Contact: Jennifer Killinger, (202) 249-6619
WASHINGTON, D.C. (September 9, 2011)
- A bill in California to ban polystyrene foam used for serving food was set aside by the state Assembly this week. Opponents of the ban cited the likely loss of jobs, expense to the state and unfair recycling rate requirements as flaws in the legislation.
The makers of plastic foodservice packaging expressed appreciation to legislators who have been supportive of protecting manufacturing jobs in California.
"When legislators learned more about polystyrene foam foodservice packaging, and particularly the bill's impact on jobs and the state budget, support for the ban faded," said Keith Christman, managing director of plastics markets for the American Chemistry Council. "An economic analysis for similar legislation in 2009 concluded that California would lose nearly $1.4 billion in output, $335 million in earnings and close to 8,000 jobs.
"And that doesn't even include the impact on the Department of General Services budget, state enforcement costs and the untold millions of dollars it would have cost schools that use plastic foam lunch trays."
Sponsored by state Senator Alan Lowenthal, SB 568 would have banned the use of polystyrene foam products used for serving food and drinks in restaurants, delis, convenience stores, food trucks, schools, government agencies-any facility in California that serves food. Wholesale costs of alternatives are between two to five times higher.
A provision in the bill to exempt jurisdictions that achieve a 60 percent recycling rate was widely considered unfair because no such requirements exist for alternatives.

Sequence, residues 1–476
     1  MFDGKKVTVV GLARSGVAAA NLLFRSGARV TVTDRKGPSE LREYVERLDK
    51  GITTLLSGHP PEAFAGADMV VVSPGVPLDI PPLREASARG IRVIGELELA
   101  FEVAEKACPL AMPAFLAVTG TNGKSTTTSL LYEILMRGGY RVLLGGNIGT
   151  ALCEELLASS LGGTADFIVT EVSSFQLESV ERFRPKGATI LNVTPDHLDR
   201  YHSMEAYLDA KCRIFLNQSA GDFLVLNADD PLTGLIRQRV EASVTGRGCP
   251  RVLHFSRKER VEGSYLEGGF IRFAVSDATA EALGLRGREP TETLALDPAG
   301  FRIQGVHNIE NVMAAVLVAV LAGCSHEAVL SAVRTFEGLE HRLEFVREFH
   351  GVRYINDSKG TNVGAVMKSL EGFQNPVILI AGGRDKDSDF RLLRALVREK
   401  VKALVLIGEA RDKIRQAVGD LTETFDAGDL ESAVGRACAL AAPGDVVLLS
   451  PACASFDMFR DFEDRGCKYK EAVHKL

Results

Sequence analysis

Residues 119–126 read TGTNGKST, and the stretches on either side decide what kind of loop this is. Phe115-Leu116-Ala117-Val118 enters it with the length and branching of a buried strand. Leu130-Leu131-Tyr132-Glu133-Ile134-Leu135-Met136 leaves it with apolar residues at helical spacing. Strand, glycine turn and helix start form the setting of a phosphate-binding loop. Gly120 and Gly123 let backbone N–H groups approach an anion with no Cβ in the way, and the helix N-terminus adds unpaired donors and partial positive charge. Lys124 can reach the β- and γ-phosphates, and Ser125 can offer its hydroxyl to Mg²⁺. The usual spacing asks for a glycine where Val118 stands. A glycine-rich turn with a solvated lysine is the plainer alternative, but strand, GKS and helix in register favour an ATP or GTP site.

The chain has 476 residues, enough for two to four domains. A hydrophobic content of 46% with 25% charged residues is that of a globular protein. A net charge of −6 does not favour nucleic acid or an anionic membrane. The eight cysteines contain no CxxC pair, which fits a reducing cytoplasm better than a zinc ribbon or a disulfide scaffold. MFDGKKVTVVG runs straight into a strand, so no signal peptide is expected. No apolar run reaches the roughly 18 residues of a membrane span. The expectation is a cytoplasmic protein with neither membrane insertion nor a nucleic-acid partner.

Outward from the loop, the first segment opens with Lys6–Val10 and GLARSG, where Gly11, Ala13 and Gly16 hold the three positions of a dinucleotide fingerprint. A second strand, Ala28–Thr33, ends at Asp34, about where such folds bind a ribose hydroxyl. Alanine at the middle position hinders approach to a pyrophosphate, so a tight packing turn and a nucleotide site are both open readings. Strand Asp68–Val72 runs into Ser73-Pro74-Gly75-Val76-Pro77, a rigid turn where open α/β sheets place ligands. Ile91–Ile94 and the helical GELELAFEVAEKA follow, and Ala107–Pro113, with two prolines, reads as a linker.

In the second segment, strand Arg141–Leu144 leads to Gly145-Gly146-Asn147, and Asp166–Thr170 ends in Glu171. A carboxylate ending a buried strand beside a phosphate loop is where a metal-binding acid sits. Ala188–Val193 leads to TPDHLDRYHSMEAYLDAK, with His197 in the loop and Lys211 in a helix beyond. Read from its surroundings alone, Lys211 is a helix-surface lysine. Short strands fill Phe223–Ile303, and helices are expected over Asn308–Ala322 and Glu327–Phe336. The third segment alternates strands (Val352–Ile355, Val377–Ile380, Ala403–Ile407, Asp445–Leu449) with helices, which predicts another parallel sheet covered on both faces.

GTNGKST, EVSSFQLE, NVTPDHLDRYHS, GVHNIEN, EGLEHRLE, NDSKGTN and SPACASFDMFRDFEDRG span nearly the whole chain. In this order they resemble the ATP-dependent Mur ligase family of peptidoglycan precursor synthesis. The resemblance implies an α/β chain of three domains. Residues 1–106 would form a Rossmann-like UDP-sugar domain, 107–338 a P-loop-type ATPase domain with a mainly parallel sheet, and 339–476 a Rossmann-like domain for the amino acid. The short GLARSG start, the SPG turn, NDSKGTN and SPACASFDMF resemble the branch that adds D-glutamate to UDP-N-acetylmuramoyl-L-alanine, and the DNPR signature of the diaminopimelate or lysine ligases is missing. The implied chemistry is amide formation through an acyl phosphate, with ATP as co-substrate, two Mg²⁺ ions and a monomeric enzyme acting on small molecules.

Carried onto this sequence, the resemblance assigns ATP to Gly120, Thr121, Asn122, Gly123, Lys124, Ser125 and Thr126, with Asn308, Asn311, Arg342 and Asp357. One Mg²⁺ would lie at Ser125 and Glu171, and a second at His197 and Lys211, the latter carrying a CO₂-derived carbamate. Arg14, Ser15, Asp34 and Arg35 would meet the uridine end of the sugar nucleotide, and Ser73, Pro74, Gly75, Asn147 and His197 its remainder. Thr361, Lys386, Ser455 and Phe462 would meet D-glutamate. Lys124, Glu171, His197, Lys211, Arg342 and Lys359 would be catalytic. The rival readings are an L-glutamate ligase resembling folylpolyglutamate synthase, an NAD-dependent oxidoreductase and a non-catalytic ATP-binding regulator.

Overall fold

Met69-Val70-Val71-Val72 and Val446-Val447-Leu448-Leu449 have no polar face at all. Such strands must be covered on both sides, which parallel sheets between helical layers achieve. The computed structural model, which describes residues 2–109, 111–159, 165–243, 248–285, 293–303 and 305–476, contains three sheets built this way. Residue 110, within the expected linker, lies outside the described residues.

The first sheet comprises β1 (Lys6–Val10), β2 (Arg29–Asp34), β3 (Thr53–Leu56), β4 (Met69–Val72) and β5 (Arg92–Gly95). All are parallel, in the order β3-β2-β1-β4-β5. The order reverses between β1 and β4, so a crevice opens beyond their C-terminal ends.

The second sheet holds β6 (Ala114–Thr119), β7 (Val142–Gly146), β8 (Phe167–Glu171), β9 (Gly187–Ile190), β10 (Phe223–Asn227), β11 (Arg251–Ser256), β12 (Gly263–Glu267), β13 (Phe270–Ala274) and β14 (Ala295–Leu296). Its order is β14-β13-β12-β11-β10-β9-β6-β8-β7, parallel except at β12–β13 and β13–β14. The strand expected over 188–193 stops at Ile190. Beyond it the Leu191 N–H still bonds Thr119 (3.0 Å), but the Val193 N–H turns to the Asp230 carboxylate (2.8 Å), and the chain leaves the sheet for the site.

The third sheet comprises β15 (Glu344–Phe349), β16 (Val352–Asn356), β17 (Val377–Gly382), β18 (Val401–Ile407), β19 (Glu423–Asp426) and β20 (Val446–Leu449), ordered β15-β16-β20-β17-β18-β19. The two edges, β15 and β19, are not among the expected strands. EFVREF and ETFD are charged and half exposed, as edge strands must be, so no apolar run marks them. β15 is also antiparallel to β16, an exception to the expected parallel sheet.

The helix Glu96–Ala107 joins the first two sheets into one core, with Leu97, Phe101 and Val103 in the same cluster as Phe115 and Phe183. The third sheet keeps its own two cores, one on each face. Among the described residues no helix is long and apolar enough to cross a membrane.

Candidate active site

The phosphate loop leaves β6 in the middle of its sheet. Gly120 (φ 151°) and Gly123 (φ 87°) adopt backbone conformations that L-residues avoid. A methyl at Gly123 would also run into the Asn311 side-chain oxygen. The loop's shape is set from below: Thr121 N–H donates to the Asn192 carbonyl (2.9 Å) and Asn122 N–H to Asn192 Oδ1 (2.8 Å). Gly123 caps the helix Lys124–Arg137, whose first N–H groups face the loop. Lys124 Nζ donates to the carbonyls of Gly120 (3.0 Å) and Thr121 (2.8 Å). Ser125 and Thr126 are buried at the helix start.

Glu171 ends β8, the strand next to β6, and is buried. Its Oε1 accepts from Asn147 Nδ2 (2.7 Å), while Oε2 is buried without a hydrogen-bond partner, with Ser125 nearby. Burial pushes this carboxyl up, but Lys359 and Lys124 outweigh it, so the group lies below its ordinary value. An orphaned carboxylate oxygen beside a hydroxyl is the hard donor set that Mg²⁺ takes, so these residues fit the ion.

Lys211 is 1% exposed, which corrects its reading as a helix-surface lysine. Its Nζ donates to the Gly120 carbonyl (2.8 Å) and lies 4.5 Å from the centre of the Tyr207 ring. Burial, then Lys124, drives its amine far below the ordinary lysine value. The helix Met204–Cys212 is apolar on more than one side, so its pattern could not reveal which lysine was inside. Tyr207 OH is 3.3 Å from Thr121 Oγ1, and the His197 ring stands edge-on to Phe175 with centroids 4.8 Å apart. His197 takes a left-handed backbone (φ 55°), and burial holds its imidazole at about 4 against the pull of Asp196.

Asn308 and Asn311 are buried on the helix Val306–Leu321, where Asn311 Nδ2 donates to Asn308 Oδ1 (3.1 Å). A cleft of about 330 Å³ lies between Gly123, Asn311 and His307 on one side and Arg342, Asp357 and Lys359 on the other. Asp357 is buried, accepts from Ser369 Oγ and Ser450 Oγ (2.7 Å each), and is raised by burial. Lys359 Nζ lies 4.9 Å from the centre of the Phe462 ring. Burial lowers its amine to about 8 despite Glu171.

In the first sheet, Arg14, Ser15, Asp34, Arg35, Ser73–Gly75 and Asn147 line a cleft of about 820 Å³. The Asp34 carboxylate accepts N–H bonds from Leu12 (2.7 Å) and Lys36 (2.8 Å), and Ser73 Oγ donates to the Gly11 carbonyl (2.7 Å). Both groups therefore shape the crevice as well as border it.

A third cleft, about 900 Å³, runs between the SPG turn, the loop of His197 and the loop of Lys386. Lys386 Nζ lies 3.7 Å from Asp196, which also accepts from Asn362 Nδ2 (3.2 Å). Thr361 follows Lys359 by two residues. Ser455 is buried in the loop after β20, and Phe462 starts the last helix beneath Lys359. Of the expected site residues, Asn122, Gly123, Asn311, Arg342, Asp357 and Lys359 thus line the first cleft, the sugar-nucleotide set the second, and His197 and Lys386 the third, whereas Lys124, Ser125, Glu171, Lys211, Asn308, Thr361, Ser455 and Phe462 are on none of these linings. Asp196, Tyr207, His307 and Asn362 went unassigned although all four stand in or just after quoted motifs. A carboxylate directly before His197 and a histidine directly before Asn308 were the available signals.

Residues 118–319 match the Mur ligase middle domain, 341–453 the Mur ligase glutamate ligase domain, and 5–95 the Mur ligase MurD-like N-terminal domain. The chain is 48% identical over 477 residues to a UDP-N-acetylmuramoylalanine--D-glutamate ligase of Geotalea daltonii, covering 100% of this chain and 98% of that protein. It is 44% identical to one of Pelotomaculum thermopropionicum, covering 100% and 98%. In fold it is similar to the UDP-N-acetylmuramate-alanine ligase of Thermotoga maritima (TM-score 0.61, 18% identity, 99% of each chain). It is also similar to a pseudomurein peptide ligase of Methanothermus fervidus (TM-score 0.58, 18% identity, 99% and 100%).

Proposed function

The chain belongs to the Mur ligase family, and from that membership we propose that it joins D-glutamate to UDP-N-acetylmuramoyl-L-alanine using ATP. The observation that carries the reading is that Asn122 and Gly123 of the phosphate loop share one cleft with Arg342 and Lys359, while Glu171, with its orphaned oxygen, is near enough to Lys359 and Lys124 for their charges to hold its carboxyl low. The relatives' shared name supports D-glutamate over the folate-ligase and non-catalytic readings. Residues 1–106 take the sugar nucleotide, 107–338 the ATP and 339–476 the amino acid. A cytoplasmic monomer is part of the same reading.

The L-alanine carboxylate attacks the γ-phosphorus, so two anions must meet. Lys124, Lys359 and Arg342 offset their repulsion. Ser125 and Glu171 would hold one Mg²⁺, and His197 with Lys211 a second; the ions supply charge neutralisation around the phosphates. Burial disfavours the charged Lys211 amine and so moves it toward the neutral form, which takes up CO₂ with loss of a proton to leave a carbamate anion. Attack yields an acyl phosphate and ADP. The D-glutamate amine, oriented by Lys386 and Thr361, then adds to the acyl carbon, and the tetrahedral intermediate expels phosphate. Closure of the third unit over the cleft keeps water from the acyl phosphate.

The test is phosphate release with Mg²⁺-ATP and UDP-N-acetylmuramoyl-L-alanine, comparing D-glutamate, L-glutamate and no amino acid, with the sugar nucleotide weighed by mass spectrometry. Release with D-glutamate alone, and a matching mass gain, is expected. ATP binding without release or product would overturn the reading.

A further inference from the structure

"We support the innovative and growing polystyrene recycling programs in Los Angeles and other communities across California," Christman said, "and we would like to see those expand into more areas. Polystyrene packaging is recycled into everyday consumer products that people can buy at Wal-Mart and other stores. That's where the state focus should be-improving opportunities to recycle, not banning valuable products."
Proponents of the bill cited litter as a primary reason for the proposed ban. However, numerous studies have found that polystyrene foam represents a very small portion of litter.
The bill passed in the Senate and will be carried over to next year's legislative session. ACC welcomes a continued dialogue with lawmakers and other stakeholders on an approach to managing food container litter and disposal-provided such a policy takes into account unintended environmental impacts, cost impacts on businesses and avoids putting manufacturing jobs at risk.
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